A new trend popping up around Europe and the UK with hairdressers and Barbers of late is 'renting a chair' in their salon.
But would this work for you?
Benefits of chair rental
There is a clear financial saving and freedom from employment law restrictions can certainly be enticing for both for you as owner and the freelancer. But as with most things there is no one easy answer. There are pros and cons to both business approaches.
It’s your hair salon yet the chair renter is running their own business within it. This may lead to a perceived dilution of your role as Salon owner.
It's important to note, if you decide to go for the chair rental business model, it can be very hard to revert to an employee-only hair salon at a later date if you discover you’ve made a mistake. However, there are also advantages !
First, let’s look at the different ways to set up a hairdresser’s rent-a-chair or booth renting arrangement:
What’s the appropriate rent for your salon chair or booth rental?
These are three main methods:
- Charge a fixed weekly/monthly rent to the renter. Take a percentage of the chair’s takings rather than charge a fixed rent. You just receive a cut of the renters takings. This will be agreed between the parties and ideally should be subject to a legal contract being drawn up. This may be on a 50%/50% basis.This method can only work if there is trust between the parties. Such a simple thing as having a Receptionist dealing with all income may solve any potential problems. business.
- Take a percentage of the chair’s takings rather than charge a fixed rent. You just receive a cut of the renters takings. This will be agreed between the parties and ideally should be subject to a legal contract being drawn up. This may be on a 50%/50% basis. This method can only work if there is trust between the parties. Such a simple thing as having a Receptionist dealing with all income may solve any potential problems. Also, it is critical to have a modern Digital Cash Register that will give daily, computerised reports. You also need to trust the freelancer implicitly.
- A combination of the two. I think this works best for the salon owner. You charge a lesser fixed sum (but you still have some guaranteed income) plus you take a cut of the hairdresser’s takings. It can be like winning the jackpot.The downside?
It can cause resentment as the freelancer can feel you, the salon owner, are having your cake and eating it.
Why choose the rent-a-chair business model for your salon?
- Save money
- No Wages to be paid
- No holiday pay/sick pay
- No employer PRSI
- No pension contributions
- No employee contract
A rent-a-chair hairdresser can:
- Choose their own hours and working days to suit them
- Decide which services and products they offer.
- Worse: they can poach and walk off with your salon clients.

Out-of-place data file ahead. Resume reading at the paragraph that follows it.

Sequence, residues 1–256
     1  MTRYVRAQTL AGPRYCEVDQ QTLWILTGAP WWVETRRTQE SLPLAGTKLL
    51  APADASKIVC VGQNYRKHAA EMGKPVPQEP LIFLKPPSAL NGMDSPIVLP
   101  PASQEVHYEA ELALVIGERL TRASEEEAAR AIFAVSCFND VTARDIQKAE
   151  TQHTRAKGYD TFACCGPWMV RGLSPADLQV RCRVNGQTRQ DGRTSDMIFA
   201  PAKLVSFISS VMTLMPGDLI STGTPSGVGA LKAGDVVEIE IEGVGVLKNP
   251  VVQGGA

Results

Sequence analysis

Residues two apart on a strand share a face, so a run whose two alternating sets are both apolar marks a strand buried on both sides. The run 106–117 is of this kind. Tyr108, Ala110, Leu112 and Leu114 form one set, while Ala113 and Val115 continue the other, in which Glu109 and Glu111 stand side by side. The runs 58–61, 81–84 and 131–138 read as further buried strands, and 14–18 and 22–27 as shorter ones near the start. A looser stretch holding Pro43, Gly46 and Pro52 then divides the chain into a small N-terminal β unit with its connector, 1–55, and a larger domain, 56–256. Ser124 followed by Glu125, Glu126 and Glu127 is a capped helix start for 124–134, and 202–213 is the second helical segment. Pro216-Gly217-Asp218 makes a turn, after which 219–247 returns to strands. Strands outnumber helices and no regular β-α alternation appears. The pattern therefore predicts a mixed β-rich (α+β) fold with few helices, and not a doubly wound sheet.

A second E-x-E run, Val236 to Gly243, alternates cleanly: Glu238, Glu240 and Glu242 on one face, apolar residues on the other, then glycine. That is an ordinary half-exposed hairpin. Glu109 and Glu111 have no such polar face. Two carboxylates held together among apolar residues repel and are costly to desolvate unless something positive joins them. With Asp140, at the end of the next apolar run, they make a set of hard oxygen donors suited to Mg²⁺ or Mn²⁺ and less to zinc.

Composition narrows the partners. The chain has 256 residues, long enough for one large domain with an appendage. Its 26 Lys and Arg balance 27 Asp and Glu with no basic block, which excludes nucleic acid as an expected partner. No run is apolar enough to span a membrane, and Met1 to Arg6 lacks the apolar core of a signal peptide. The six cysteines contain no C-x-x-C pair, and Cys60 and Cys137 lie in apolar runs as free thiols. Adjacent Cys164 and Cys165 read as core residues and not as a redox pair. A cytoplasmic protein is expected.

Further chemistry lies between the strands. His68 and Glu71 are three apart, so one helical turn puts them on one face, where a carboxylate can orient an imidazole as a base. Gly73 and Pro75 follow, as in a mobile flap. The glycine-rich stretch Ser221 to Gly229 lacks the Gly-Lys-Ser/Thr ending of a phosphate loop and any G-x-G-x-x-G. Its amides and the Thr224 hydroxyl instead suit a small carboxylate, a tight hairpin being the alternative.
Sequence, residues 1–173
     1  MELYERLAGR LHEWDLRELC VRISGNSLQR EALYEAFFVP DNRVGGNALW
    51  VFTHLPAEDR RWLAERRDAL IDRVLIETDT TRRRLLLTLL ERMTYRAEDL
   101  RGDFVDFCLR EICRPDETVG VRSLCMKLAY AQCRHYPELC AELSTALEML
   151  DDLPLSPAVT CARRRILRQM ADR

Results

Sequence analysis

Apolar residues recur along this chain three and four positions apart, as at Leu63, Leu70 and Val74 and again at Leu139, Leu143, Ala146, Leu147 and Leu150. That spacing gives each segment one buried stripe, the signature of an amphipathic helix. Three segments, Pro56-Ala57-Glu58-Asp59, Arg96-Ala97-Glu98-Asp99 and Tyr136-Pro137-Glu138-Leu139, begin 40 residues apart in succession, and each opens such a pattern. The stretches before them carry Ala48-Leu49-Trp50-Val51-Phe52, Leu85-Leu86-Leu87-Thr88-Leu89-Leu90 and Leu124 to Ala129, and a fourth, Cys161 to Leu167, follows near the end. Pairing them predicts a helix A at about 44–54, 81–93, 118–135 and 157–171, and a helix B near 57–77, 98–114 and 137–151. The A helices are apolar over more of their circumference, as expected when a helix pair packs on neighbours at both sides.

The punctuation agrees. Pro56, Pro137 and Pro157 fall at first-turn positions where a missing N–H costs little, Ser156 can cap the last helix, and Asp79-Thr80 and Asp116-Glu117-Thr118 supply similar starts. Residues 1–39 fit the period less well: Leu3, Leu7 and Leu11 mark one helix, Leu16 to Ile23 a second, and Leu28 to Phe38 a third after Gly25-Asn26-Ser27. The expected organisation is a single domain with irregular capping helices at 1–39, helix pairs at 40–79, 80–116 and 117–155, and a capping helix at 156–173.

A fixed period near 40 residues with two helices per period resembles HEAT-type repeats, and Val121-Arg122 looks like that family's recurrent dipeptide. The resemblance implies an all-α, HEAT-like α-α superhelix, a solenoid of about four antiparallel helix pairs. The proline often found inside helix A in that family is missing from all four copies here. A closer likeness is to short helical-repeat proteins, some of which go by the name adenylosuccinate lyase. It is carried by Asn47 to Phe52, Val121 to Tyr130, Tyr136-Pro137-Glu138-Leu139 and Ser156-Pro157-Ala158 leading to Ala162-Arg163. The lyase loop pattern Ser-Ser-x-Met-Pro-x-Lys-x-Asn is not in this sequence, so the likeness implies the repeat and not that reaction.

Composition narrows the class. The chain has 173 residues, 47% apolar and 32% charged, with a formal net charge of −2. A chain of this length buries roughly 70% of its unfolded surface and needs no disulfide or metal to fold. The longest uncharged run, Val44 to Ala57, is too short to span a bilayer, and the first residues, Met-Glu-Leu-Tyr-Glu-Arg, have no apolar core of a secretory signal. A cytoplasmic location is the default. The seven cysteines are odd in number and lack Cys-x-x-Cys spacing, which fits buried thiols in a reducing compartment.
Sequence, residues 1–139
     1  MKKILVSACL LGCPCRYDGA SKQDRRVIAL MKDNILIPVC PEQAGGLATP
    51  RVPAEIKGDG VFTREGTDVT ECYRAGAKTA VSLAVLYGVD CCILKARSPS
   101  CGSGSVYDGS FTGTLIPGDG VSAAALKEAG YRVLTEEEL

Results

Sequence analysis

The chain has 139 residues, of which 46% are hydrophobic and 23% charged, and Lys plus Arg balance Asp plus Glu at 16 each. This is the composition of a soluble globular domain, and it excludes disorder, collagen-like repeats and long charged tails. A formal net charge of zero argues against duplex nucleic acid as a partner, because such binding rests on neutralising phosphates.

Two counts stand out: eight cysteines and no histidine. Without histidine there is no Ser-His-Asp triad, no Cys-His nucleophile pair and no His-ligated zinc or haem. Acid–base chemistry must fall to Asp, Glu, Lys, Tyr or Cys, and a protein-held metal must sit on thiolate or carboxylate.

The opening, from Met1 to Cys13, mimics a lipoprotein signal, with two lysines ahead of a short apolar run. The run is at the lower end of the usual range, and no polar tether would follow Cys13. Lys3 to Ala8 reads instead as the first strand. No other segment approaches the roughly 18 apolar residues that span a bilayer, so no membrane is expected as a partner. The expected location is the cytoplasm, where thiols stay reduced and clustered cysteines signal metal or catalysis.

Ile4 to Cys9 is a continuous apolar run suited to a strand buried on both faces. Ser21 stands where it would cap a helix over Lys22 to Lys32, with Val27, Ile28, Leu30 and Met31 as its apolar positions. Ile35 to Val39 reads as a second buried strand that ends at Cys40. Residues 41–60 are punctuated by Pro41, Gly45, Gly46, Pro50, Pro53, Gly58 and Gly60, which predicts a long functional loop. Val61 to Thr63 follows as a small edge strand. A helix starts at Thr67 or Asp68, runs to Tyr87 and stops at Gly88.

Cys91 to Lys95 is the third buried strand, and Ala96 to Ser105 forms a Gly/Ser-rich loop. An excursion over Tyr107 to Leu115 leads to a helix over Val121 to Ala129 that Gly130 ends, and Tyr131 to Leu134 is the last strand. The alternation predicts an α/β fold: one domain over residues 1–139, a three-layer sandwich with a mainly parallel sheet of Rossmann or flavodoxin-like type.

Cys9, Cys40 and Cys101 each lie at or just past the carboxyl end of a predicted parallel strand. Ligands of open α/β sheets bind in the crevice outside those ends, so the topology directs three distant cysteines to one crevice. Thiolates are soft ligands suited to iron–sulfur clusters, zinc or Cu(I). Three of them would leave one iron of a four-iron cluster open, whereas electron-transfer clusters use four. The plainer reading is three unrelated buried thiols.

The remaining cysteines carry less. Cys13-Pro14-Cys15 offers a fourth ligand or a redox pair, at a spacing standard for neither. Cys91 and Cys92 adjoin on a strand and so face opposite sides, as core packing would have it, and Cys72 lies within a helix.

- Worse still: they can persuade your staff to come and work with them in another salon and bring their clients.
It's best to have a Service Contract between the two of you setting out the rules to avoid issues down the line. This way you’re both protected and know where you both stand.
Look at the following Link to Irish Revenue clearly setting out the rules whether a person is employed or self employed.
Some potential drawbacks for salon owners
- It may only be a chair but they are Self employed and they, like you want the best for their business ie Maximise Income and Minimise Costs. The person renting the chair is your competitor. Protect your Brand. Protect your Customer Base. The Nail Bar technician may offer an additional service to a client. This client may reduce their spend on their Hair , thus reducing your income. This may be happening under your watch. Be vigilant.
- Loss of Staff. Having a chair renter may cause animosity in your team. Some staff may also want to go self employed and this may lead to a loss of client revenue.
- Brand Dilution of your salon brand.
How to reduce the risks of rent-a-chair
If you decide to go down the hairdresser chair or booth rental route here are some sensible business precautions you can take to reduce your exposure:
- As you would with employees, set up a rigorous selection process. Verify references, have a couple of interviews and a trade test. Involve other team members especially if they are self-employed too.
- If they are currently working elsewhere how about a mystery shop?
- Do have that Service Contract I talked about earlier. It’s essential.
- Have a probation period of 2 or 3 months. If it isn’t working you can part company easily.
- Weigh up the pros and cons
If you’re a start-up salon with a tight budget and a small client base but don’t want the risk of employing someone, then renting a chair out is it’s a great way of getting a passive income for your hair salon and getting a contribution to your overheads. If you want to introduce a new service, like hair extensions, but can’t afford to employ a specialist then a freelancer may be an entry route.
The flip side is that if they are very successful then their earnings can be substantial and this could have been your profit if you’d taken the employee route.
How can M A Whately & Co help you make the right decision and grow your business?
We will discuss in detail the Pro’s & Con’s of your situation. We will take control of your Accounting and Taxation requirements, allowing you to concentrate on developing your business.
Some other services we can help you with:
- Monthly VAT Returns
- Monthly management Accounts
- Weekly PAYE Returns
- Weekly Staff Payslips
- Staff Contracts of Employment
- Annual Accounts
- Company Secretarial
- Tax Planning
We want to help your business to grow by allowing you to concentrate on business development, clients and being creative!
For any Queries please email us on Info@mawhately.ie